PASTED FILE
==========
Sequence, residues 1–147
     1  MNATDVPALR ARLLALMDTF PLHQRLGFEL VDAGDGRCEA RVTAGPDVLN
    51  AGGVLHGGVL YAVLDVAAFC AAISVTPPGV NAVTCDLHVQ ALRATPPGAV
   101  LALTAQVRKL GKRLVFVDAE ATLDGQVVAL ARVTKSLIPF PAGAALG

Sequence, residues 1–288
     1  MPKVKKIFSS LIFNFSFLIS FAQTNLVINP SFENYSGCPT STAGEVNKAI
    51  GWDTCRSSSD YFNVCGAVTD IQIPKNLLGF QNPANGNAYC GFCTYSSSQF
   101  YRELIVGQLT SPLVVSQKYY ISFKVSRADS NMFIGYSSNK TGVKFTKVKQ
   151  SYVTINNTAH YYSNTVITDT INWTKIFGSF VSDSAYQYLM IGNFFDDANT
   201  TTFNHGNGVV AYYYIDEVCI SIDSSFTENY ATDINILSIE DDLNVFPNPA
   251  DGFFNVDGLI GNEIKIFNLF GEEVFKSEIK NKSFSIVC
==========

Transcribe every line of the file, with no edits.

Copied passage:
Sequence, residues 1–147
     1  MNATDVPALR ARLLALMDTF PLHQRLGFEL VDAGDGRCEA RVTAGPDVLN
    51  AGGVLHGGVL YAVLDVAAFC AAISVTPPGV NAVTCDLHVQ ALRATPPGAV
   101  LALTAQVRKL GKRLVFVDAE ATLDGQVVAL ARVTKSLIPF PAGAALG

Sequence, residues 1–288
     1  MPKVKKIFSS LIFNFSFLIS FAQTNLVINP SFENYSGCPT STAGEVNKAI
    51  GWDTCRSSSD YFNVCGAVTD IQIPKNLLGF QNPANGNAYC GFCTYSSSQF
   101  YRELIVGQLT SPLVVSQKYY ISFKVSRADS NMFIGYSSNK TGVKFTKVKQ
   151  SYVTINNTAH YYSNTVITDT INWTKIFGSF VSDSAYQYLM IGNFFDDANT
   201  TTFNHGNGVV AYYYIDEVCI SIDSSFTENY ATDINILSIE DDLNVFPNPA
   251  DGFFNVDGLI GNEIKIFNLF GEEVFKSEIK NKSFSIVC